Patricia Arquette didn't ''anticipate'' that she's get the best roles of her career in her 50s.

The 50-year-old actress plays Dee Dee Blanchard - a mother suffering with Munchausen syndrome - in the much-anticipated Hulu series, 'The Act', and the star thinks streaming services have ''opened a lot of doors'' for her as she's gotten older because they have embraced diversity.

She said: ''I didn't anticipate that. [The influx of streaming services has] opened a lot of doors for different storytellers and more diversity, so it's a good time for everybody right now.

''Certainly in my case, being a 50-year-old woman, I didn't imagine I'd be getting good parts like this. I don't know how long it will last for, so knock on wood.''

Hulu's upcoming dark drama is based on the disturbing true story of Gypsy Rose - played by Joey King - and Dee Dee Blanchard (Arquette) and a complex mother-daughter relationship that culminated in murder.

Patricia - who has two children, Enzo, 30, with former partner Paul Ross and Harlow, 16, with ex-husband Thomas Jane - also admitted that her son and daughter were reluctant for her to take on the anthology project because of it's bleak plot.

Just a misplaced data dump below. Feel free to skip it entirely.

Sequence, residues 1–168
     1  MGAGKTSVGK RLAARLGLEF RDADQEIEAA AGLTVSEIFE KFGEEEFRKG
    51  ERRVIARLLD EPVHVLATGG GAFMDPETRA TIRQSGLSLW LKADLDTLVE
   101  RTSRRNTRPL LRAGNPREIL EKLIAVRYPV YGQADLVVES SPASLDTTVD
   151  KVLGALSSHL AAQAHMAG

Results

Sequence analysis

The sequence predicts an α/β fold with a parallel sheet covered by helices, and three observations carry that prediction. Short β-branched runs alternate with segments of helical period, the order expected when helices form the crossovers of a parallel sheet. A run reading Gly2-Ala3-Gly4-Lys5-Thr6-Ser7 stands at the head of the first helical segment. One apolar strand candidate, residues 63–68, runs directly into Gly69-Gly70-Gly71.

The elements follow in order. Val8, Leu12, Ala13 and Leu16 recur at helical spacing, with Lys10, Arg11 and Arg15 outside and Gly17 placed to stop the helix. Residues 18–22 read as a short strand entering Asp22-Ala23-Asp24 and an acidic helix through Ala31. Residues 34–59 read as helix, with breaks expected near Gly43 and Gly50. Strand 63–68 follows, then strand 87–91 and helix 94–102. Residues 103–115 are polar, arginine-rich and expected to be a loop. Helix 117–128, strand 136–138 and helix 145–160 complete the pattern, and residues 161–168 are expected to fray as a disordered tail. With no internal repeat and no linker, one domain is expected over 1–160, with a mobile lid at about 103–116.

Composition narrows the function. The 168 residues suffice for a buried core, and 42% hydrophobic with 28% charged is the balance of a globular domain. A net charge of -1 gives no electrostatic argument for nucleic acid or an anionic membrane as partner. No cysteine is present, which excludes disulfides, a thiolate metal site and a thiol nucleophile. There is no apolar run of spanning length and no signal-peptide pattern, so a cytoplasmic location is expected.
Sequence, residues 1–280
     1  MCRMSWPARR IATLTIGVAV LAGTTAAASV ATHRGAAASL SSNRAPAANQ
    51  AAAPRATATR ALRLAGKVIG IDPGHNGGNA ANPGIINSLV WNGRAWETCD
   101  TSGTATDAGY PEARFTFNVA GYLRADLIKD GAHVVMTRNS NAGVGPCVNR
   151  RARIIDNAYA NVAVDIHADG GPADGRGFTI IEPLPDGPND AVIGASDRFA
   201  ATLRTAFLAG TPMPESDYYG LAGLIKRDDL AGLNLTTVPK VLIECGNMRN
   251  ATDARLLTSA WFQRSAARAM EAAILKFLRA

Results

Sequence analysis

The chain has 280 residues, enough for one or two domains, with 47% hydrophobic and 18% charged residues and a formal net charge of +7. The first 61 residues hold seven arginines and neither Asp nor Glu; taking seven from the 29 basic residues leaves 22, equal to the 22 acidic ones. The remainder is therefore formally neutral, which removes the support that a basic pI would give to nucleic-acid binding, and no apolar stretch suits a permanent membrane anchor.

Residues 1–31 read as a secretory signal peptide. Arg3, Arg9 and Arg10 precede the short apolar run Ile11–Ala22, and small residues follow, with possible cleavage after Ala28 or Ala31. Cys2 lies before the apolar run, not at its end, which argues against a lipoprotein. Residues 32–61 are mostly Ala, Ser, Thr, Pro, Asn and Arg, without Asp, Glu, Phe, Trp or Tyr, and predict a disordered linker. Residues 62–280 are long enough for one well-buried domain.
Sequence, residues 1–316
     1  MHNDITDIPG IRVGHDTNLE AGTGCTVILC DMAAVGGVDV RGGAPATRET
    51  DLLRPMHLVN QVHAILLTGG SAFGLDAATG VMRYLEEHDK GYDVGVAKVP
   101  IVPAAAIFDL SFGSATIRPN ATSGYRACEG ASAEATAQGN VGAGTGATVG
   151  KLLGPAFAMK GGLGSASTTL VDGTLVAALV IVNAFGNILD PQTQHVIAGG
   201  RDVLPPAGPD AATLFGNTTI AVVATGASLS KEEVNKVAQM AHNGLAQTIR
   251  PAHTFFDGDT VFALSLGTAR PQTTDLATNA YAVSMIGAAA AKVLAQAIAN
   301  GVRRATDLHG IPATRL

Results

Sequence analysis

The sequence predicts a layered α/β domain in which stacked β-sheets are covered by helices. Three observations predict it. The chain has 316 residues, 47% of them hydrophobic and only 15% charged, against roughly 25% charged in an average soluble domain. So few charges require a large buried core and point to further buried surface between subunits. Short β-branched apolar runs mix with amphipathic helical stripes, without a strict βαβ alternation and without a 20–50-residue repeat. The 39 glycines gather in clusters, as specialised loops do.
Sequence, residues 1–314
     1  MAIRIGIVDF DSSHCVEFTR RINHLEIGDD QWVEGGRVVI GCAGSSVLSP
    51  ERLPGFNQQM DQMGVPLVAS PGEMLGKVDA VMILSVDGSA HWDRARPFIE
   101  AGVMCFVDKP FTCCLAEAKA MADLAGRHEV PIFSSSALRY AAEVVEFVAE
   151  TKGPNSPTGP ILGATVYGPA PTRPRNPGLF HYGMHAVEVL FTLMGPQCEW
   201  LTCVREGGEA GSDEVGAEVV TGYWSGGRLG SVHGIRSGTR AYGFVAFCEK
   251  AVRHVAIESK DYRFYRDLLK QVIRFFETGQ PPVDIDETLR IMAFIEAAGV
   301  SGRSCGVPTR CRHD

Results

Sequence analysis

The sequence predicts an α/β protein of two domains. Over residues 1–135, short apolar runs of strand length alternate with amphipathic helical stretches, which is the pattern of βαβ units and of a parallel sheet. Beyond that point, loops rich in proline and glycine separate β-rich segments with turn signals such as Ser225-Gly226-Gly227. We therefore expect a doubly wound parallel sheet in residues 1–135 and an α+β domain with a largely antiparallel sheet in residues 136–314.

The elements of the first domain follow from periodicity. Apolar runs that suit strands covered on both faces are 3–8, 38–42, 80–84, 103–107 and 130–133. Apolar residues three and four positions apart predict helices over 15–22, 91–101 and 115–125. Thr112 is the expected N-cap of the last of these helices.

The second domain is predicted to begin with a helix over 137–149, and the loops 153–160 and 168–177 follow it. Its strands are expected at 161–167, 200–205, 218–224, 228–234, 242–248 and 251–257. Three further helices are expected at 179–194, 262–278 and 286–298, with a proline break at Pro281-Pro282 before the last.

Speaking to USA Today, Patricia added: ''I told my kids I was thinking about doing this project, and they were like, 'No, Mom, don't do it.' I was like, 'Guys, you know this is pretend for me. I'm not going to poison you.' ''

The 'Medium' star shared a lot of ''common feelings'' with her character because her daughter went away to school and she felt ''phobic'' over their separation.

''My daughter ended up going away to school right before we started this, so I was having a lot of feelings of, 'How will I know where she is? How can I defend her? I'm going to miss her so bad.'

''So I took these normal, common feelings and extended them to almost phobic levels. For Dee Dee, when Gypsy would be in the other room, that was a trauma - for her just to be out of her sight felt too dangerous.

''This little girl takes control, and makes a lot of very important choices that have big implications. That's what's really different about this story: Very few victims rise up and take their power back, certainly not in this way.''